The more I read CVs, the less I see the point in them.
First, there is the increasing tendency to have that cringeworthy “personal statement” at the start. You know the one: “Benjamin is a highly motivated and hard-working person who gets on well with people and puts others first.” Of course he is: he wrote it! The day that I see a personal statement starting: “I’m a psychopath with a criminal record”, my faith may be restored.
But I never will because people are now trained to write CVs as if they were writing a letter to Santa. The point is not to provide an objective and verifiable record of their achievements, but to talk up how good they have been. And the extent to which CVs are verifiable is very important; as evidenced by various notable cases, some people lie.
The other irritating aspect of CV writing relates to the insistence of every university on designing its own format and, increasingly, requiring these to be online. I regularly review CVs submitted to my own and other universities as part of applications for employment or promotion. How my heart sinks at the increasing complexity of these online systems, which have clearly been designed by people with far too much time on their hands and who never have to try to make use of their creations.
So, in academia, what are we looking for in a CV? Lists, mainly. Lists of employment positions held, awards and fellowships won, PhD students supervised and examined, papers delivered at conferences and, most importantly, articles published and research grants obtained.
There may also be a requirement to include programmes managed, modules delivered and committees slept on. But these are less verifiable in principle and rarely verified in practice – not least because there is an assumption that if someone has worked in a university for a few years, they can hardly have avoided teaching and administration.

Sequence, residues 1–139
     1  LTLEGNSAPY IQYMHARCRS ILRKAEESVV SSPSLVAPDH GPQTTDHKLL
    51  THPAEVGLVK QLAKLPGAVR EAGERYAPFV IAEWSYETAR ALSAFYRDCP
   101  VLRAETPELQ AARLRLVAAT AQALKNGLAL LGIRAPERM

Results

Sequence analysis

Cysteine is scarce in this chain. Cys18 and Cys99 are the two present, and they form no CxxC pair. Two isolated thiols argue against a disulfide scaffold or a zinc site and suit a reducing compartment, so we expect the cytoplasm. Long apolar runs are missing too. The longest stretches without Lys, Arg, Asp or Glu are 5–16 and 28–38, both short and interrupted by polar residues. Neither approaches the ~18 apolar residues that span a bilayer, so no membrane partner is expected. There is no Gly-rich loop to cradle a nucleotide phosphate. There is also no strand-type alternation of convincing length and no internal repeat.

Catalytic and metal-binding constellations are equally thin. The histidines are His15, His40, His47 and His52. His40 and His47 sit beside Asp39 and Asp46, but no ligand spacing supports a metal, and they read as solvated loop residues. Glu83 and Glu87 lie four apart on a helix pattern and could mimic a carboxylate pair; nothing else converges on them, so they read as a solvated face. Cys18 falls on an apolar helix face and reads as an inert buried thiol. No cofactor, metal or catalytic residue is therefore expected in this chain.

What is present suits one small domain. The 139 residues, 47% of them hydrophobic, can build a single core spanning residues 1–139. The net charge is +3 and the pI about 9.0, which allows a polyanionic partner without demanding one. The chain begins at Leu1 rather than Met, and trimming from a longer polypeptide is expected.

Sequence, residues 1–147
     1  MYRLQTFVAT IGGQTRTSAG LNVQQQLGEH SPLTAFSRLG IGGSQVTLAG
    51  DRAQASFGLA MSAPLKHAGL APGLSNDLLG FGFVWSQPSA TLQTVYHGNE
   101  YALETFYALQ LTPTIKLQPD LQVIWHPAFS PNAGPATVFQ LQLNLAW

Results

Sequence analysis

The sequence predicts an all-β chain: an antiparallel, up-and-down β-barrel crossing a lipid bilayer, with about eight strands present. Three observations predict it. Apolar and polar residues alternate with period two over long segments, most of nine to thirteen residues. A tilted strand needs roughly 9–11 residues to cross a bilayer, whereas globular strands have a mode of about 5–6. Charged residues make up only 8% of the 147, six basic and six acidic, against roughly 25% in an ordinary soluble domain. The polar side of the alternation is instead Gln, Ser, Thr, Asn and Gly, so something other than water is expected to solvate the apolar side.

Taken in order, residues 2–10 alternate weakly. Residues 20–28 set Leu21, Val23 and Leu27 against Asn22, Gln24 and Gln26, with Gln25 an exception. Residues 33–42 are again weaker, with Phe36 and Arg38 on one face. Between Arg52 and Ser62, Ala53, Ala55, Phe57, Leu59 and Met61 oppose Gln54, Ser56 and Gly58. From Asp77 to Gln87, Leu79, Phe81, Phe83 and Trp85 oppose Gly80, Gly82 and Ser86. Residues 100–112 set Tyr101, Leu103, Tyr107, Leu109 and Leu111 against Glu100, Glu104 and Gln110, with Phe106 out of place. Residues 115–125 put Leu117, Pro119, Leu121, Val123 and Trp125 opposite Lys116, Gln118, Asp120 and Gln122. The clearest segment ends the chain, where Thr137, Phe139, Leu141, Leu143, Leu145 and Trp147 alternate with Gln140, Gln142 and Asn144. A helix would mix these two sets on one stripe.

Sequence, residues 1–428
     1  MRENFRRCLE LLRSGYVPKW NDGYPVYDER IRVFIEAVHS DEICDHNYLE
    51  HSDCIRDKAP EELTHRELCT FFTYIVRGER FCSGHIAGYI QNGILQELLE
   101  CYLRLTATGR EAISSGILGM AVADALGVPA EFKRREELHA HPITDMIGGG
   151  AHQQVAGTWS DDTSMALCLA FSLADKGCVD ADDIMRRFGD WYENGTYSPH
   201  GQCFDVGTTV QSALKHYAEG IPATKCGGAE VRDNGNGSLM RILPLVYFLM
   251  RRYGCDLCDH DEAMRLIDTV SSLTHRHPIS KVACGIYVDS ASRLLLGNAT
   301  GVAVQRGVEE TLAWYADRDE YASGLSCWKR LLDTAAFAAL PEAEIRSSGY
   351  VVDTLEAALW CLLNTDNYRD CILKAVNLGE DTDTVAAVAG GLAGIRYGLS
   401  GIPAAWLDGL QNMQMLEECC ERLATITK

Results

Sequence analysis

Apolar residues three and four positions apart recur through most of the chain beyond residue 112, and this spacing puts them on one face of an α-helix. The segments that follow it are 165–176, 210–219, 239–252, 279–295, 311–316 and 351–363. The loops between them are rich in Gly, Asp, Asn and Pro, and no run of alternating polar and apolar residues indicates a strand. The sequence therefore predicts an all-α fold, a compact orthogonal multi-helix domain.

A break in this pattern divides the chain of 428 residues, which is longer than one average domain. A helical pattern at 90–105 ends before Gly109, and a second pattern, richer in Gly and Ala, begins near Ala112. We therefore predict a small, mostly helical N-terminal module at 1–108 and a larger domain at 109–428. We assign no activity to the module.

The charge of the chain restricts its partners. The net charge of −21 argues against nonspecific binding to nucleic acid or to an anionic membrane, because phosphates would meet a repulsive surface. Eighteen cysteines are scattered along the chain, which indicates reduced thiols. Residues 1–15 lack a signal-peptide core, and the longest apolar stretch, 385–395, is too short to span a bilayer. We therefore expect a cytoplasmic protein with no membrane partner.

Occasionally, universities are less interested in research and publishing achievements, but these instances are at the far end of the bell curve. Let’s face it, most academic appointment panels are mainly interested in concrete achievements that can be measured and that feed into institutional assessments, rankings and the like.
But if we ditched CVs, how would we record our achievements, and how would we assess other people’s achievements? Easy: we’d use ORCID: the Open Researcher and Contributor ID. This non-profit service, in its own words, “provides a persistent digital identifier that distinguishes you from every other researcher and, through integration in key research workflows such as manuscript and grant submission, supports automated linkages between you and your professional activities, ensuring that your work is recognized”. What’s not to like?
Here, we have an online platform that is free to use and to which more than 2 million academics have already reportedly signed up. The ORCID system remains under development and is dependent on patronage from publishers, funding bodies and universities. But it already enables individuals to summarise their interests, record their careers and list publications and research grants. Many grants can be verified by registration numbers, and publications – good ones – are universally verifiable by digital object identifiers.
The ORCID system has other virtues, too. The unique identifier is a particular boon to people who change their name through marriage or gender realignment, or whose names are very common, or who are from countries where first and family names are hard to discern. Second, the unique record of achievements created is public and therefore verifiable and open to challenge. This should hopefully make it far harder for those with a tendency to be economical with the truth to get away with it.
Uptake of ORCID by universities has been patchy so far, but I make two predictions. First, that ORCID numbers will before long become essential as publishers make them an obligatory part of the process of submitting a manuscript. And, second, that once this takes place, the CV – and the parasitic industry that has grown up around how to write one – will die a long overdue death.